The Star Trek Galileo Seven diorama, including Spock and McCoy figures was relatively easy in comparison to previous models.

The shuttle was made entirely out of packaging card board. The interior contained printed out imagery to make sure it matched the interior of the real thing. It also contains a light and is my first standalone powered model. All lighting runs off a 9V battery underside of the model, with a switch to save the hassle of taking out the battery on every use. Seating was added using various plastic elements and the characters were printed and added inside to scale. In the end, the front window makes it difficult to make out the figures, but the effect is there.

There were two flashing light elements; one in the back and one in an opening on a nacelle. I added electronic parts to simulate repair “boxes” with wires going into the opening. The plastic nacelle ends were smaller deodorant caps.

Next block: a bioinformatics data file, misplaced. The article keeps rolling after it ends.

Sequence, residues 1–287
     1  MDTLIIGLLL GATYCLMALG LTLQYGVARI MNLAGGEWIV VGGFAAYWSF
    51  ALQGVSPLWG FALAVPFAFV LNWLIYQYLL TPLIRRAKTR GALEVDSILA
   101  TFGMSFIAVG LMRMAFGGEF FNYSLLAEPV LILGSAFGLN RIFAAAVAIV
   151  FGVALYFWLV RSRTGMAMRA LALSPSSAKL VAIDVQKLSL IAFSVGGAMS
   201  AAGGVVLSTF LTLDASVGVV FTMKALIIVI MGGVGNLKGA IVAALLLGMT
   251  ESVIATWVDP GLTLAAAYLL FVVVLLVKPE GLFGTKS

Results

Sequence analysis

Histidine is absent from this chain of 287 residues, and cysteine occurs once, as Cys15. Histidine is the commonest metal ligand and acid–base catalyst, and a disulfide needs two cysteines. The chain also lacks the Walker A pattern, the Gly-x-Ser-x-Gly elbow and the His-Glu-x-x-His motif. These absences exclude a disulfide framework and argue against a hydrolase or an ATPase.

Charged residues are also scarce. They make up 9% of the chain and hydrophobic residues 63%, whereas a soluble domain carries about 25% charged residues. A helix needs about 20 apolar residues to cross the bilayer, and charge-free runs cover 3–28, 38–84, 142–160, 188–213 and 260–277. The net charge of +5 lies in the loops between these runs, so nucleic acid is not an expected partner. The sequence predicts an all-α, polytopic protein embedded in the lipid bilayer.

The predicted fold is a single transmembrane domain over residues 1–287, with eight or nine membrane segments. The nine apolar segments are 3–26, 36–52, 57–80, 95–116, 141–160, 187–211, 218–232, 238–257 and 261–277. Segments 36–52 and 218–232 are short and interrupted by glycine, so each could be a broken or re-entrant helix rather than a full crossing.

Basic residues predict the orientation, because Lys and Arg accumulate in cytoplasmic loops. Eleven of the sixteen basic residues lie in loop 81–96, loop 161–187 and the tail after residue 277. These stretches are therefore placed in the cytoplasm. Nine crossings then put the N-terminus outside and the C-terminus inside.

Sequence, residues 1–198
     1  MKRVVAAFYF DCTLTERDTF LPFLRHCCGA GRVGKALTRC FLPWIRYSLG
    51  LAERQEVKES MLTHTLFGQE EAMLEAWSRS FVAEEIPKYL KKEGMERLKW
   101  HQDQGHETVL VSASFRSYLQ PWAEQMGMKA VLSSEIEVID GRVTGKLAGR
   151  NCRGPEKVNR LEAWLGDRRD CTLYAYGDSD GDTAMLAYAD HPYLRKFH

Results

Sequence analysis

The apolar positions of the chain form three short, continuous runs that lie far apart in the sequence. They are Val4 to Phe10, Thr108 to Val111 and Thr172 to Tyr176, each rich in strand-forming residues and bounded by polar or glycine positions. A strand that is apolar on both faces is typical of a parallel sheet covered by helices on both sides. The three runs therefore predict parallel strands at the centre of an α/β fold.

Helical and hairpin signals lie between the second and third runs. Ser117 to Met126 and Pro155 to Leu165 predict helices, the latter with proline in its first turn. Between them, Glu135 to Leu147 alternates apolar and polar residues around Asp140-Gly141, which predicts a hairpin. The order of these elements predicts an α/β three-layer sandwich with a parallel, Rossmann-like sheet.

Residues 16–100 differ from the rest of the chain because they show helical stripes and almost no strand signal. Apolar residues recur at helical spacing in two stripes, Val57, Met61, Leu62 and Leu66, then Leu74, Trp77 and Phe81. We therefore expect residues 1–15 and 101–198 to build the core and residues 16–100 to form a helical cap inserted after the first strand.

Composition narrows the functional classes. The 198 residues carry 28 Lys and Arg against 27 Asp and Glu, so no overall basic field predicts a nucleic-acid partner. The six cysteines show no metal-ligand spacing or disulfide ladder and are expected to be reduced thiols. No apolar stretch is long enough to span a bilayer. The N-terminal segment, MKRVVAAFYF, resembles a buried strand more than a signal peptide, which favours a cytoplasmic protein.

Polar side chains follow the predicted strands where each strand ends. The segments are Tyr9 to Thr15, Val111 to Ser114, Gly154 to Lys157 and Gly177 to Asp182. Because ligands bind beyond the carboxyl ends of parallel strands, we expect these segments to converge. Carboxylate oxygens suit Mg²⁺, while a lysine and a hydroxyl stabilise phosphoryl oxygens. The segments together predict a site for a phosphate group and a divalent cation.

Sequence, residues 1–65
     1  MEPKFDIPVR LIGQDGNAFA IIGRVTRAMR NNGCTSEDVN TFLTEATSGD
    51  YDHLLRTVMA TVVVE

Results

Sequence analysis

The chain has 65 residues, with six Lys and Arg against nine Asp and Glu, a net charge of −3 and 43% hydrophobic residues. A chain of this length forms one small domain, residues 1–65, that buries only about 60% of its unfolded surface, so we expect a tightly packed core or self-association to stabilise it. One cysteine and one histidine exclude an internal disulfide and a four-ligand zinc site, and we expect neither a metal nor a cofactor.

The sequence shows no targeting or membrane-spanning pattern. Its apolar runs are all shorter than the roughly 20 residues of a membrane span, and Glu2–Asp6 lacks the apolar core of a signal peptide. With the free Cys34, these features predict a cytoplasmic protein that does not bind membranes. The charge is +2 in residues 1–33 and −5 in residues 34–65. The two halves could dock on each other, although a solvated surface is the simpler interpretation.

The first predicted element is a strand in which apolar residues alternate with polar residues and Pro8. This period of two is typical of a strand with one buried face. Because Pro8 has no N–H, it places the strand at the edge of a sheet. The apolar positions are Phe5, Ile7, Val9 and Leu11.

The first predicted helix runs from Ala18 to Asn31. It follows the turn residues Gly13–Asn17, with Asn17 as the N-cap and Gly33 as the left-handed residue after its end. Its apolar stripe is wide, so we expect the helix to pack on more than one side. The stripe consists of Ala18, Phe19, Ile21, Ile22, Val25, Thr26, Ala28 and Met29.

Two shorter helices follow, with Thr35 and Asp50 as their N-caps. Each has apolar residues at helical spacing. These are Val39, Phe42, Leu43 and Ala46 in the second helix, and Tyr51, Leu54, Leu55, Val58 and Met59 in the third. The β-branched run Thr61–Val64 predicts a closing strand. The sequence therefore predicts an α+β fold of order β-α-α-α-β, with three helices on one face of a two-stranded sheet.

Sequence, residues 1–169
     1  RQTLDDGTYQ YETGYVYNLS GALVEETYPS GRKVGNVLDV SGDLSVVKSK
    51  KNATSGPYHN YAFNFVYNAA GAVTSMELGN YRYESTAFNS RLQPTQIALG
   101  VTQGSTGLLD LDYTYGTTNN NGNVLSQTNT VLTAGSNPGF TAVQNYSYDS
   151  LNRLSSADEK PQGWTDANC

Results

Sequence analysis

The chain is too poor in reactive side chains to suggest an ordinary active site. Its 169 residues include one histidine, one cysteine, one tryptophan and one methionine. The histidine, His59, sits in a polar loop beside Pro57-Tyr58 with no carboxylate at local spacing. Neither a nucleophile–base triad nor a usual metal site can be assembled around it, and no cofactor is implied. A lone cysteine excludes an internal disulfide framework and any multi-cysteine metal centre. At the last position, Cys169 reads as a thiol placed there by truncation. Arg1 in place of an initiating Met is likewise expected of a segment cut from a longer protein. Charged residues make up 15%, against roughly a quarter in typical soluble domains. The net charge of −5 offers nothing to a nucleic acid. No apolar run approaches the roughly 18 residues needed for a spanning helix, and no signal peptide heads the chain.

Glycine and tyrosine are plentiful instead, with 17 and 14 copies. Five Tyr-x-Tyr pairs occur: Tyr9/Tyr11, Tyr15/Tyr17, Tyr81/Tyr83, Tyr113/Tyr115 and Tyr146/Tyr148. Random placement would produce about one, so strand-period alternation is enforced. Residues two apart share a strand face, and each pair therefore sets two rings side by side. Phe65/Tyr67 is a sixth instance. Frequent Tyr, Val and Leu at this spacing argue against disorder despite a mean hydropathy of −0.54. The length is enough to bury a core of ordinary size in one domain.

Decals were added using an online image and printed using decal paper.

The base was very easy to do. I had created a Skylanders landscape a few years ago for my son (never used), so I used the same technique. I used ripped MDF to create the uneven areas and either glued or screwed them into the base. I put on a heavy coat of normal vinyl silk (colour similar to magnolia) on the base and built it up using various bits and bobs, including various herbs and sand to simulate texture. Twigs and stones were used to add some more details and the whole landscape was dusted with a green spray.

I added more details, including extra twigs, plus a couple of spears to mirror the famous Star Trek episode (also called “Galileo Seven”). The final details were figures of Spock and McCoy. These were purchased from eBay, but McCoy was a slightly bigger scale than Spock. So, I used perspective and placed McCoy near the back and sideways, while Spock was head on, facing outwards. The bases were glued and blended into the background.